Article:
Stanley even uses Foo Fighters as an example of a band still successfully making great rock music. Foo Fighters are among the artists nominated to be inducted into the Rock & Roll Hall Of Fame this year. However, this year’s nominations list has sparked that debate about genre again.
“Nobody’s complaining about Foo Fighters,” Stanley adds. “Dave [Grohl] is passionate about what he’s doing and they’re terrific. So there are bands out there. As far as new bands, somebody will come along. Somebody will pick up the flag and go forward. Like I said, the pulse may be a little weak, but the patient’s coming back.”
Paul Stanley’s full interview on Canada Talks is available to stream below.
More on Gene Simmons’ rock is dead claims:
Nearly seven years ago, Simmons first sparked the rock is dead debate when he said that rock is “finally dead.” During an interview with Esquire, the KISS musician explained that rock is gone because of the record companies.
“There was an entire industry to help the next Beatles, Stones, Prince, Hendrix, to prop them up and support them every step of the way,” he told Esquire in 2014. “There are still record companies, and it does apply to pop, rap, and country to an extent. But for performers who are also songwriters—the creators—for rock music, for soul, for the blues—it’s finally dead.”
Fast forward to 2017 and Simmons brought up his claims yet again. He further told Rolling Stone that rock music is still dead and file-sharing and downloading are to blame. At the time, he noted that other genres such as pop, rap and country are thriving because fans actually invest in the music.
“Yeah, rock is dead. Not that it can’t come back to life, but the business is dead. If the business is dead, rock is dead,” Simmons told Rolling Stone in 2017. “You know what’s not dead? Pop. Lots of pop divas, little girls buy the material. Black music, especially rap, their fans buy the music. Country, yup, their fans buy the music. Rock, no.”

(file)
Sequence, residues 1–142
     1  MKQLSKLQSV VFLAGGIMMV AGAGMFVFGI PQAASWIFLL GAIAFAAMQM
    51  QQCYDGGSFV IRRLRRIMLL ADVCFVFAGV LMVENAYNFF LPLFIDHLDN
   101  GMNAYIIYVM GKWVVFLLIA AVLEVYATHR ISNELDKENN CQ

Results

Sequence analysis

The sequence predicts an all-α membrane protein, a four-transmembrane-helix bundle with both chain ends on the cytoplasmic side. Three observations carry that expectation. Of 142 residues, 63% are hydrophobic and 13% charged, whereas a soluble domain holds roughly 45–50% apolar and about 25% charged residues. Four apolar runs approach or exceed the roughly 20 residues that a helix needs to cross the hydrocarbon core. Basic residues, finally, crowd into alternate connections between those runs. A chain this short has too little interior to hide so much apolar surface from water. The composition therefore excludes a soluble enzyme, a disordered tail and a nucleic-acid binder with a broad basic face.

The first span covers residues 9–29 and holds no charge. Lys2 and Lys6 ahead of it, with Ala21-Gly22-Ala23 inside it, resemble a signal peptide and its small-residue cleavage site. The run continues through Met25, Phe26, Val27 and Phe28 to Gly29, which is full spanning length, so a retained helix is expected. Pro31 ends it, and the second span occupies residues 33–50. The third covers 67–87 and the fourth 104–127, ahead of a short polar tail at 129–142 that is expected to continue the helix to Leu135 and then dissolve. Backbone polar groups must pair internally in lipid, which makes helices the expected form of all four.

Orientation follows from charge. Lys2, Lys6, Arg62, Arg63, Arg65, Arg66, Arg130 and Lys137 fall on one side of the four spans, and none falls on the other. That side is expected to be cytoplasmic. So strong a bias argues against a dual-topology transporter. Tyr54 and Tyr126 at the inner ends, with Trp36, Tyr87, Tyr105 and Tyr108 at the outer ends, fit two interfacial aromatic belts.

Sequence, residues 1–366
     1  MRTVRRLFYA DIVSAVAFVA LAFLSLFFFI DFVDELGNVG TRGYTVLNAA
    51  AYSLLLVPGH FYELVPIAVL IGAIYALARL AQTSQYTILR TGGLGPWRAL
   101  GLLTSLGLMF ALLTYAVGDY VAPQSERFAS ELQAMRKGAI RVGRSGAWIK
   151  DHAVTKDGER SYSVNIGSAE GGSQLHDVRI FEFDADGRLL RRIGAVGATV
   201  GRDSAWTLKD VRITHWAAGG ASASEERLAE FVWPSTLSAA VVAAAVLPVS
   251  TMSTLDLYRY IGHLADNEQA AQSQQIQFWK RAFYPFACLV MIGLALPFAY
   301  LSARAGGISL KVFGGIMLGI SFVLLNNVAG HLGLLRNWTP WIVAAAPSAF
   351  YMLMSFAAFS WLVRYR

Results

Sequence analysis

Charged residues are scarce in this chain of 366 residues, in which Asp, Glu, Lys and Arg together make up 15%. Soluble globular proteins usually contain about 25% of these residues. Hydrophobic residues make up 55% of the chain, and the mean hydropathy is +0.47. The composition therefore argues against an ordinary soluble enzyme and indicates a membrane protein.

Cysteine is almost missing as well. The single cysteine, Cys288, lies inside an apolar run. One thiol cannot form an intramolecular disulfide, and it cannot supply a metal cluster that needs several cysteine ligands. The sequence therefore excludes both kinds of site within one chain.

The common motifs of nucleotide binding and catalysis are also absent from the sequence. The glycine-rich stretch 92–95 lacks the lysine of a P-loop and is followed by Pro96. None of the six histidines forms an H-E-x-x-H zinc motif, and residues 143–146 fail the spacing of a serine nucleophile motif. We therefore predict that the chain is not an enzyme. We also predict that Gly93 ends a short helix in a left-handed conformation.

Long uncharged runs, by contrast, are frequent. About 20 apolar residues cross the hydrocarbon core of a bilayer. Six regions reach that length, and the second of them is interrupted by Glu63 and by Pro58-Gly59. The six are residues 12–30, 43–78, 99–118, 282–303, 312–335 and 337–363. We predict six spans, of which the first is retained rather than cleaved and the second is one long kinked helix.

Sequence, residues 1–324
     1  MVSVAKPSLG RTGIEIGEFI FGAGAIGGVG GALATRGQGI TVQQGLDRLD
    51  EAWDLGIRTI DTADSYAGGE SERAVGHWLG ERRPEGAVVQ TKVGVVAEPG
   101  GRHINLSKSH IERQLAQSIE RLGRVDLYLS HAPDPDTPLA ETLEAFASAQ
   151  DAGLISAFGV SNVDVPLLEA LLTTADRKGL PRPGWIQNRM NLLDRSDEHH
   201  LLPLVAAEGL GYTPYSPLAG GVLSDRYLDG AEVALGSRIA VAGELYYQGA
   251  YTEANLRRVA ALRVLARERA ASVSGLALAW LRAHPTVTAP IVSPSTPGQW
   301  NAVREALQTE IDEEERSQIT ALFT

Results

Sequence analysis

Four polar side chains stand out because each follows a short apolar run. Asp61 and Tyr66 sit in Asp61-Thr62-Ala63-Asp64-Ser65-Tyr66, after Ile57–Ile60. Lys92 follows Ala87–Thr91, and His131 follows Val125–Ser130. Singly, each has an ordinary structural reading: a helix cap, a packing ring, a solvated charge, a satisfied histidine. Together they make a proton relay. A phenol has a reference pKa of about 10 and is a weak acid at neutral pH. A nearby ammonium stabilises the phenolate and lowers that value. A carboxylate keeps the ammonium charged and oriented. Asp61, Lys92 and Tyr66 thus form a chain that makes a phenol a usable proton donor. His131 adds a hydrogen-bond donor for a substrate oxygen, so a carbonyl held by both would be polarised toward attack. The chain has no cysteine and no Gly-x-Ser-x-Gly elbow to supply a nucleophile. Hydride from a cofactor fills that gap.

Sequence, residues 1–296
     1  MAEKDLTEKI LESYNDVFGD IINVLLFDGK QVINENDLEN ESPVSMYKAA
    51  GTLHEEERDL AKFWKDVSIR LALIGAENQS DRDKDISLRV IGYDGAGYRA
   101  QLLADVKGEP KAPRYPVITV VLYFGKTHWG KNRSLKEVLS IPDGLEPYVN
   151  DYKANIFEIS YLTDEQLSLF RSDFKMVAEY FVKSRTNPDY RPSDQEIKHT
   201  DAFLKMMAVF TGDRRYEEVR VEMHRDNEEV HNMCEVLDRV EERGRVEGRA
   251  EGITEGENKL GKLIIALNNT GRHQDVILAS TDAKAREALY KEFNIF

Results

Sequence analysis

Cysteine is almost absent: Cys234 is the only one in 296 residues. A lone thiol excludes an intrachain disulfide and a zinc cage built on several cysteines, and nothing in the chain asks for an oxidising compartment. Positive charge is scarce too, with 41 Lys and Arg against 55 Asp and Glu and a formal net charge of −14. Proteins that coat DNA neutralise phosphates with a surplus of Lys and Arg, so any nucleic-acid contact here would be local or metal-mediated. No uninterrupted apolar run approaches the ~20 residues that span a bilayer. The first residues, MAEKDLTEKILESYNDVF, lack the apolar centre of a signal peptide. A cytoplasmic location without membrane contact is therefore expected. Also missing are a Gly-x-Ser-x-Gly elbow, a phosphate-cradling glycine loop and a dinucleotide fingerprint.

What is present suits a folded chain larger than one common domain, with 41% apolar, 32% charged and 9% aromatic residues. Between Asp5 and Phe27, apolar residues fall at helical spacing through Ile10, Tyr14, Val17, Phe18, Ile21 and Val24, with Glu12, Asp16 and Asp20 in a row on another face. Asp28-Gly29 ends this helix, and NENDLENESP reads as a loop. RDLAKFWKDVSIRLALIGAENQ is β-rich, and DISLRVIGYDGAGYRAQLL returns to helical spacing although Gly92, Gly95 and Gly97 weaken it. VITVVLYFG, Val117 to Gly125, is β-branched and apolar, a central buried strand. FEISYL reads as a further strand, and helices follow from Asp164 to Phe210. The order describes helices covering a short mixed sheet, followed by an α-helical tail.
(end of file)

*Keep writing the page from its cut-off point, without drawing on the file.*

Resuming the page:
More recently, last month, Simmons said that fans’ use of streaming platforms has also impacted the rock genre. In fact, he blames these services for leaving musicians unable to focus solely on their music for financial stability.
“The culprits are the young fans,” he told Q104.3’s Out Of The Box. “You killed the thing that you love because as soon as streaming came in, you took away a chance for the new great bands who are there in the shadows, who can’t quit their day job ’cause you can’t make a dime putting your music out there, because when you download stuff, it’s one-hundredth or one-thousandth of one penny.”
Paul Stanley’s recent comments arrive shortly after Alice Cooper publicly addressed Simmons’ claims. Mere weeks after confirming he has received the COVID-19 vaccine after contracting the virus, Cooper defended rock ‘n’ roll. Cooper told NME that the rock genre is far from dead. In fact, there’s a new generation of talented musicians that have yet to be discovered.
“Gene Simmons, I would like him to do my taxes because he’s a businessman and that’s valid,” Cooper says. “But I guarantee you right now that in London somewhere, in garages, they’re learning Aerosmith and Guns ‘N’ Roses. There’s a bunch of 18-year-kids in there with guitars and drums and they’re learning hard rock. It’s the same with the United States: There are all these young bands that want to resurge that whole area of hard rock.”
Cooper further told NME that rock music is “where it should be right now.” For him, he believes the genre has the longevity to thrive for years to come.
“Grammys; we’re not in the mainstream,” he continues. “Rock ‘n’ roll is outside looking in right now, and that gives us that outlaw attitude. The one kind of music that started and never ended was hard rock. It went to punk, it went to disco, it went to hip-hop, it went to grunge, but the one thing that went through the middle of it was hard rock.”
Do you think rock music is dead? Do you agree with Gene Simmons, Paul Stanley, or Alice Cooper more? Let us know in the comments below.